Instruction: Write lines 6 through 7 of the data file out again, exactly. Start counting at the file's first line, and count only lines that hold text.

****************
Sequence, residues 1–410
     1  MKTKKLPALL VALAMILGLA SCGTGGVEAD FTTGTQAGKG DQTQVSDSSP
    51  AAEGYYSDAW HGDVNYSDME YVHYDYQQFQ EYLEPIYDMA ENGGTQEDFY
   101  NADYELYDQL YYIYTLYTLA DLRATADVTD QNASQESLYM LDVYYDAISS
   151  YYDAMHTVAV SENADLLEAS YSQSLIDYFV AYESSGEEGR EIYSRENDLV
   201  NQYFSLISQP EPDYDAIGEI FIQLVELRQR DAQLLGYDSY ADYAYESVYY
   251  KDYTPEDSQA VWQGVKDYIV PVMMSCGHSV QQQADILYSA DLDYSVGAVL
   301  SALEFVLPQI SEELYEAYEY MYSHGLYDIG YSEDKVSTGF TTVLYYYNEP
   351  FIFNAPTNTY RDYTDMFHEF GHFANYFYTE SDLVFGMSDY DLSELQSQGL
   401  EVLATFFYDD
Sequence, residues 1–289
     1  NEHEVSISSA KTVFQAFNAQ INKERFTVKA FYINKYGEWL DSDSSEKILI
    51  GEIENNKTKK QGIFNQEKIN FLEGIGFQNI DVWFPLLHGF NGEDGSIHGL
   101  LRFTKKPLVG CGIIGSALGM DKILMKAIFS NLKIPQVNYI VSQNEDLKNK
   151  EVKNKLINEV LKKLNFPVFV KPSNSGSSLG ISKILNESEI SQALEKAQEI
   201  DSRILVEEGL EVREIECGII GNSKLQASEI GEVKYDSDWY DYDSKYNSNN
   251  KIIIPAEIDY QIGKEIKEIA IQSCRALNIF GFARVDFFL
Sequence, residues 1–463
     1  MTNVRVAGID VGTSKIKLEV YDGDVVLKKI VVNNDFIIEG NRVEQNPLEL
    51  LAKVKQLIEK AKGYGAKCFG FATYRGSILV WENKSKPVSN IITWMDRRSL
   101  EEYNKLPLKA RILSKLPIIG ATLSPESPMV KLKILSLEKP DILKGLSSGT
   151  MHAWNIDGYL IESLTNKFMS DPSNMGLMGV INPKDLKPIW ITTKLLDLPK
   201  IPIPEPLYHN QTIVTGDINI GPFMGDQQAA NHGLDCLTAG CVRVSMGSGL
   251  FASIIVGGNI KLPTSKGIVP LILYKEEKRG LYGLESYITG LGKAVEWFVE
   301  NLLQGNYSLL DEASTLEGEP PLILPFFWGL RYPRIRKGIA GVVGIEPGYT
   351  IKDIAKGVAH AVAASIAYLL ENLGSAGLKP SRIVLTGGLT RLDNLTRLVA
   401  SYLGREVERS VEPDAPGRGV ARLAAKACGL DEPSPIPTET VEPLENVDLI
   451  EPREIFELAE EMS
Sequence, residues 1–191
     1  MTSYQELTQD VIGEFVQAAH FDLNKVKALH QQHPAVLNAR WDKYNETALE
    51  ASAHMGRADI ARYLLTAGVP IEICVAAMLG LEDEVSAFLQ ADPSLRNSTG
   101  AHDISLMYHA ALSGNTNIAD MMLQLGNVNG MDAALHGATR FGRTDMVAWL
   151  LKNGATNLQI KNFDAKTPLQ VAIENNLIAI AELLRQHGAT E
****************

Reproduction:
   201  NQYFSLISQP EPDYDAIGEI FIQLVELRQR DAQLLGYDSY ADYAYESVYY
   251  KDYTPEDSQA VWQGVKDYIV PVMMSCGHSV QQQADILYSA DLDYSVGAVL